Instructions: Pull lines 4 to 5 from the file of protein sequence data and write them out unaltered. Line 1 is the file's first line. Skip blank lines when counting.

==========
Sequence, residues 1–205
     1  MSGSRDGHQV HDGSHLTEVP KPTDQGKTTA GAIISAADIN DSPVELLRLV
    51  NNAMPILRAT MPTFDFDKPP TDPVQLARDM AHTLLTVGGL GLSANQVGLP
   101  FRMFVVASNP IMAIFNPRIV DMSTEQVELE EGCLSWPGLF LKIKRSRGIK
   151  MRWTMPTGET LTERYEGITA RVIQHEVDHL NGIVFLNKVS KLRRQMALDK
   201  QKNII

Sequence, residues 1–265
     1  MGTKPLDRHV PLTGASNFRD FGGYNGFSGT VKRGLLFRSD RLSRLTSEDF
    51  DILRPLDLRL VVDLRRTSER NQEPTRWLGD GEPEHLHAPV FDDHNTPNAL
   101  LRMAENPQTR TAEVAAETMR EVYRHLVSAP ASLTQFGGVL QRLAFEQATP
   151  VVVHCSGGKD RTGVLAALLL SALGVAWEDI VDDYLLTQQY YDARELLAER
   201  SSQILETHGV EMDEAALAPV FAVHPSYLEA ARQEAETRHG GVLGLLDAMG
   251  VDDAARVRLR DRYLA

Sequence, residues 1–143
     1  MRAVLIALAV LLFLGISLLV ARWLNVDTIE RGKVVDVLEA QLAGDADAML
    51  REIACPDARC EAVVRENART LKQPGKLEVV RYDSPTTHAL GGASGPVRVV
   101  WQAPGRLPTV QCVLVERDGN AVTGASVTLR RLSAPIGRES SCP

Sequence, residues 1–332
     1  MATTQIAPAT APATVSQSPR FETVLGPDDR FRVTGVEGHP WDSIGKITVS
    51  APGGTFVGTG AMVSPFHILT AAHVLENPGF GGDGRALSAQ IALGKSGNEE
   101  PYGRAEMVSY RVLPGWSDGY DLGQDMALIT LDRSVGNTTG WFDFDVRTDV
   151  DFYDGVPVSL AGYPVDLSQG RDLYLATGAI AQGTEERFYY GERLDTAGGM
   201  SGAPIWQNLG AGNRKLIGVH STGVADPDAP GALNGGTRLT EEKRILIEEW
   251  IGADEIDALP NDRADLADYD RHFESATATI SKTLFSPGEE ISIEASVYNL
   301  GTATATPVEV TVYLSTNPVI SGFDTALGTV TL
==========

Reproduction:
   101  FRMFVVASNP IMAIFNPRIV DMSTEQVELE EGCLSWPGLF LKIKRSRGIK
   151  MRWTMPTGET LTERYEGITA RVIQHEVDHL NGIVFLNKVS KLRRQMALDK